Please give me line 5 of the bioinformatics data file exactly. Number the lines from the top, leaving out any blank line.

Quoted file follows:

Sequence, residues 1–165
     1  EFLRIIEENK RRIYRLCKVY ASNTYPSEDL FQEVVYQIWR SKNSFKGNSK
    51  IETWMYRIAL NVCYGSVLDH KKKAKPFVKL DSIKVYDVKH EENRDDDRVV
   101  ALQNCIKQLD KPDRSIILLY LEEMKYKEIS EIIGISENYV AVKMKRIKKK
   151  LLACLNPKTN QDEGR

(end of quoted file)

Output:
   151  LLACLNPKTN QDEGR